Nano Dimension, a leading additive electronics provider announced in an official release that it has received grant approval from the Israel Innovation Authority, for developing hardware that will fly on the International Space Station (ISS) and communicate with Harris’ ground-based satellite tracking station in Florida. This unique project is being conducted in collaboration with Harris Corporation, a leading technology innovator that provides solutions that connect, inform and protect its clients.
This project will provide a systematic analysis of 3D printed materials for radio frequency (RF) space systems, especially for Nano-satellites.
The total approved budget for the Israeli portion of this project is approximately $416,000 of which the Israel Innovation Authority will finance 40%. According to the terms of the grant, Nano Dimension will pay royalties on future sales up to the full grant amount.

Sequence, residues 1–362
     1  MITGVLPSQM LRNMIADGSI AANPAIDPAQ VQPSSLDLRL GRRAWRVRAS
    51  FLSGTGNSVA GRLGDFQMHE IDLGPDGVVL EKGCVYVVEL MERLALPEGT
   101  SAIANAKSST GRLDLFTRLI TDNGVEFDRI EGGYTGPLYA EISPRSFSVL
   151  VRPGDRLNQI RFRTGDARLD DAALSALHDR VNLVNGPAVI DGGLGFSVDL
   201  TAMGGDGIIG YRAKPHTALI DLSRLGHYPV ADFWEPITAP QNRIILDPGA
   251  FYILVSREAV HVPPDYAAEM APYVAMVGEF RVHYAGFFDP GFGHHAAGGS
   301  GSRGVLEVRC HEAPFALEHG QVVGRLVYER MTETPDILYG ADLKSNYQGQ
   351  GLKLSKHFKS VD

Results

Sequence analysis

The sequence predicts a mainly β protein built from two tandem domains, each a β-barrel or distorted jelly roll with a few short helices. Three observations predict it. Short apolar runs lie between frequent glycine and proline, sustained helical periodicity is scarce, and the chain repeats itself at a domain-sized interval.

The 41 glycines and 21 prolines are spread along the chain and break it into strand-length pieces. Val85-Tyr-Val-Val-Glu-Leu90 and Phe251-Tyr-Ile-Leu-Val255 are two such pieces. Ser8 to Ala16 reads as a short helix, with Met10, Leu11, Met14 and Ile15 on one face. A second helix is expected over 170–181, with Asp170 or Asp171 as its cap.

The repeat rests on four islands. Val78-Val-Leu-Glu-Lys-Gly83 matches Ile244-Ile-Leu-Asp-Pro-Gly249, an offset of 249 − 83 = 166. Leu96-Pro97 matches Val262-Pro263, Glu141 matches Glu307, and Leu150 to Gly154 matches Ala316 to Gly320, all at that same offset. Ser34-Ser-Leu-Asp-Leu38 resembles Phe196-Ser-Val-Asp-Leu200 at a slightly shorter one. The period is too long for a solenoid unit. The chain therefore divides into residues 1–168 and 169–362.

The Harris portion of the project is sponsored by a grant from Space Florida. During this one-year project, both companies will optimize the designs of the 3D printing process and RF components and prepare a system for the flight studies at the ISS.
This project has been selected by the Center for the Advancement of Science in Space, the manager of the ISS U.S. National Laboratory, to fly the space flight experiment on the ISS, using the team’s 3D printed materials and circuits. In this project, the companies will pioneer the first of a kind space flight experiment, that will fly in space at low earth orbit for one year on the ISS, helping to understand how 3D printed circuits, systems, and materials will endure in various space environments.
This project will demonstrate innovative methods for manufacturing new RF systems. Until now, manufacturing of RF systems has remained static for the last 30 years with each circuit in its own “gold box/boxes” interconnected with cables and connectors. With 3D printing, the industry can explore a new manufacturing paradigm, that eliminates manual labor and streamlines production. Another benefit to this technology is a reduction/elimination of wasted material, making it a “green” process.